4 patients under CBD and 1 receiving placebo complained of somnolence during the experiment. Another CBD patient (M.C.P.) complained of painful gastric sensations after drug ingestion at the 6th week. These symptoms disappeared after prescription of an antacid and did not return throughout the experiment.


TABLE I: Epileptic patients, the prescribed medicines they were taking before and during the experiment, and the frequency of convulsive crises at te 2 weeks before the beginning of CBD administration (baseline)


Table II: Criteria used to evaluate clinical efficacy of cannabidiol in epileptic patients


Table III:

Neurological Examination and EEG

Before drug treatment 1 CBD patient (N.D.) showed paresthetic walking towards the right, with spastic hypomotility of the right arm and leg, mainly of the right hand. He also presented a decrease in psychomotor functions. 2 other patients in the CBD group (A.A.S. and Z.S.M.) showed in examinations prior to the experiment some mental underdevelopment. Neurological examinations of all other patients were within normal limits.

Table III shows the results of the EEG analysis in a condensed form. Of the patients receiving CBD, 3 showed improvement in EEG pattern with signs of decrease in frequency of crises throughout the experiment. 2 placebo patients also had improved EEG patterns (J.O.R., and J.S.V.) on one occasion, with a return to their previous condition on subsequent examination.

Clinical Evaluation of Treatment

Clinical examination proved normal for a patients and the pulse, cardiac and respiratons rates remained constant during the course of the experiment. ECG tracings, blood and urine analysis (detailed in experiment 1 - materials and methods) were within normal limits. Also in all patients neither CBD nor placebo alterate creatinine, bilirubin or transaminase values.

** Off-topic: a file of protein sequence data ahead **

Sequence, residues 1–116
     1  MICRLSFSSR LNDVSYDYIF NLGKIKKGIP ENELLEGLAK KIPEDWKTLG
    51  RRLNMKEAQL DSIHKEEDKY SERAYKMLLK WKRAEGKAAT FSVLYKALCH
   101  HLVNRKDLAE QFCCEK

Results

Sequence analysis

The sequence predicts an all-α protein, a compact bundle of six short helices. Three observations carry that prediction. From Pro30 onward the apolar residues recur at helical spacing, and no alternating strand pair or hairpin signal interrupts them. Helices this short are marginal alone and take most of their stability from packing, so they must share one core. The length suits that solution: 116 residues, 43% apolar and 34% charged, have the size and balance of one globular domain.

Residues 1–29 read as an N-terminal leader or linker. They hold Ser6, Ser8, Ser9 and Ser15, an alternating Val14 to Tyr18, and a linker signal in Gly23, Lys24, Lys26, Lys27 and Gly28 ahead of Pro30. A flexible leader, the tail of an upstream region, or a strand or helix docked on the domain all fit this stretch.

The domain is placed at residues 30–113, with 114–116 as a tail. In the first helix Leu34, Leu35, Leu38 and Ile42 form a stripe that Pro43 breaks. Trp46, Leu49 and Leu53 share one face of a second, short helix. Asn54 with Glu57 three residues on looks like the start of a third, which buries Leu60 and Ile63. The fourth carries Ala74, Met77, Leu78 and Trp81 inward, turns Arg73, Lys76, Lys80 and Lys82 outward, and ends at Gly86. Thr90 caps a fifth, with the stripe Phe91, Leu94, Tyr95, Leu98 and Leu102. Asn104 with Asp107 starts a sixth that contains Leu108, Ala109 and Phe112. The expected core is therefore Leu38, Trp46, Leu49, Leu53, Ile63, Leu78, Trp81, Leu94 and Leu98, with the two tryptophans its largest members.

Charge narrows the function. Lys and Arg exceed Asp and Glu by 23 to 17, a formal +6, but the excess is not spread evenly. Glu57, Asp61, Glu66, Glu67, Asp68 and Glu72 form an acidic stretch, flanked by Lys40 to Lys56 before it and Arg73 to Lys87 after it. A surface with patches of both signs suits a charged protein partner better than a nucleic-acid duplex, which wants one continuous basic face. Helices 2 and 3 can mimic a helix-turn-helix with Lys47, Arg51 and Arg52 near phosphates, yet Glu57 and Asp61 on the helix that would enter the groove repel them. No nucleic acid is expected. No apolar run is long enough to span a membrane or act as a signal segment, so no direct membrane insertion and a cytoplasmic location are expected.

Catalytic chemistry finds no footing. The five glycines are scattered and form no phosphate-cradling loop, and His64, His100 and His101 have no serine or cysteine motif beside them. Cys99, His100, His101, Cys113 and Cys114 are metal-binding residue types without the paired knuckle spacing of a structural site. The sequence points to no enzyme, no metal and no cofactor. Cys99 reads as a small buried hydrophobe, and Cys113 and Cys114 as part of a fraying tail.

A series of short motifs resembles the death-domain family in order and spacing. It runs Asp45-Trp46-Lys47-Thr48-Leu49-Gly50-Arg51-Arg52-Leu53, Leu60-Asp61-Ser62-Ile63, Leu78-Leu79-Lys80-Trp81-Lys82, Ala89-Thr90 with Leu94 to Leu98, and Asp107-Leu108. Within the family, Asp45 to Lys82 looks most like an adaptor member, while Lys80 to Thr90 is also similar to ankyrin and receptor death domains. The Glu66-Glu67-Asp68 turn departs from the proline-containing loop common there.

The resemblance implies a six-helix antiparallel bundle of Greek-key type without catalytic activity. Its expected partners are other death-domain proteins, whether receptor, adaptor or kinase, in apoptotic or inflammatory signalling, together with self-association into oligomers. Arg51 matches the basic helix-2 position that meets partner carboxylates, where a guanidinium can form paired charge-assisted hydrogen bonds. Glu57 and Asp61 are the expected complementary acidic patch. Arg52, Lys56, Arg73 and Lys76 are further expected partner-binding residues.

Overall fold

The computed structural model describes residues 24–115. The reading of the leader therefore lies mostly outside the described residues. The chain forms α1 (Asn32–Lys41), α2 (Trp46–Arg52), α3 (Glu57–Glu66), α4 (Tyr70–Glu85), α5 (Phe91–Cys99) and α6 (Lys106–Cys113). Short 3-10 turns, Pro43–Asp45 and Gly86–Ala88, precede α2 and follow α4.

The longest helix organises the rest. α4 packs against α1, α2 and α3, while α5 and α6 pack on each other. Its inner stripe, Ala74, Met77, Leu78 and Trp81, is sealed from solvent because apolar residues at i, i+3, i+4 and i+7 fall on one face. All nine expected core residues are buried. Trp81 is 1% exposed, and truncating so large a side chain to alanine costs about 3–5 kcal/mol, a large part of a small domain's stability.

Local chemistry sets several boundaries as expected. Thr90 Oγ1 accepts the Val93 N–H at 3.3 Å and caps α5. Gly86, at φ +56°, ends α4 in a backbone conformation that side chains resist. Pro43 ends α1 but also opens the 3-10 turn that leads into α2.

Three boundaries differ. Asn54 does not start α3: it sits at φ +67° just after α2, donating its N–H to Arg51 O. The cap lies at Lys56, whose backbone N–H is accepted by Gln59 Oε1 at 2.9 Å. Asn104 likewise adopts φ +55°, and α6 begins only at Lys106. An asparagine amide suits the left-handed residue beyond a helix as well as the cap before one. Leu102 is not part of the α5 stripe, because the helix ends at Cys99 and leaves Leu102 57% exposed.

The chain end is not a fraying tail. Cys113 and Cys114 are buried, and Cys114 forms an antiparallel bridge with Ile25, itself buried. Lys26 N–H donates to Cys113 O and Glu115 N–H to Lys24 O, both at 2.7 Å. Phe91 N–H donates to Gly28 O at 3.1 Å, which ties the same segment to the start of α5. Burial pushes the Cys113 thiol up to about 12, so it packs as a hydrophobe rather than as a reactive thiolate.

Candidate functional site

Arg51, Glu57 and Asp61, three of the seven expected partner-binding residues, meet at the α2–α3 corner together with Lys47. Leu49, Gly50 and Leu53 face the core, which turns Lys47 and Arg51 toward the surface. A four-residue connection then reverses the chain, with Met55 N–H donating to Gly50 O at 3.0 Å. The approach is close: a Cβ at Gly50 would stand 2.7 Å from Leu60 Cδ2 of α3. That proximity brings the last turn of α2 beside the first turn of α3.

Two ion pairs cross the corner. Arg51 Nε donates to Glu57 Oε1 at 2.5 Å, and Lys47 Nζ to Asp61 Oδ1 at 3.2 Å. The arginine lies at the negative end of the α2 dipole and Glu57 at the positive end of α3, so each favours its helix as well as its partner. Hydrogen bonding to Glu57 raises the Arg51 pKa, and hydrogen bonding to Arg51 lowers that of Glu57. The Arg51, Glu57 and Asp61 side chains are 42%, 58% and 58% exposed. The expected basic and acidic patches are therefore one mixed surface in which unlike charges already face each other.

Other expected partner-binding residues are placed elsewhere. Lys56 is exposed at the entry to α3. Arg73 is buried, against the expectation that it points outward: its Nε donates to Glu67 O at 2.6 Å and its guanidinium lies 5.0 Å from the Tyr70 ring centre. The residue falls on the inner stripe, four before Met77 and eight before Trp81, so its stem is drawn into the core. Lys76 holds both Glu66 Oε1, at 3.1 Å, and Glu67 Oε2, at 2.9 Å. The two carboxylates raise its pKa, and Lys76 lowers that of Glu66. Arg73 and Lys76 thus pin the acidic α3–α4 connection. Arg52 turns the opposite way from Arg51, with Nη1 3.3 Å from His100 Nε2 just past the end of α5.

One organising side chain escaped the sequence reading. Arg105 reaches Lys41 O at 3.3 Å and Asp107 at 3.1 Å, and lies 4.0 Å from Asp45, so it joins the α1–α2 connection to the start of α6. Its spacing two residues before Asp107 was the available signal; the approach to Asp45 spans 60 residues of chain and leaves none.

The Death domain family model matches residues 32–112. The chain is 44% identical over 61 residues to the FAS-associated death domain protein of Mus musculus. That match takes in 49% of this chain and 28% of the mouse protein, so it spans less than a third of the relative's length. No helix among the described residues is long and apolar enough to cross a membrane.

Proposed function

Table IV: 


Clinical Evaluation of Treatment

Clinical evaluation was performed weekly, scoring 0 - 3 points to each patient compared to its own baseline (see table II and 'methods' for details). At the end of the treatment, the median of weekly score for each patient was calculated. The results are presented in table IV. During the first week of treatment there was general improvement in almost all patients (placebo and CBD groups), but from the second week, all placebo patients with one exception (M.D.M.S.) returned to their previous clinical state. At the end of the placebo treatment, 7 patients had a median of 3 (i.e. no improvement) whereas patient M.D.M.S. showed complete improvement (median 0). 2 placebo patients (J.S. and M.G.S.) with no improvement received the capsules for the 4th week of treatment but did not return. 3 other placebo patients (J.O.R.; J.S.V.; M.L.M.) remained under treatment for the period stated in table IV, after which it was decided to withdraw them from the experiment and to change the antiepileptic drugs they were receiving (see table I) in an attempt to improve their condition. Patient R.C. remained in the placebo group for 18 weeks and received all known antiepileptic drugs without success. Patient Z.S.M. was on placebo for 4 weeks without improvement and was subsequently transferred to 200 mg of CBD daily for 6 weeks (without her knowledge) with a small improvement (median 2).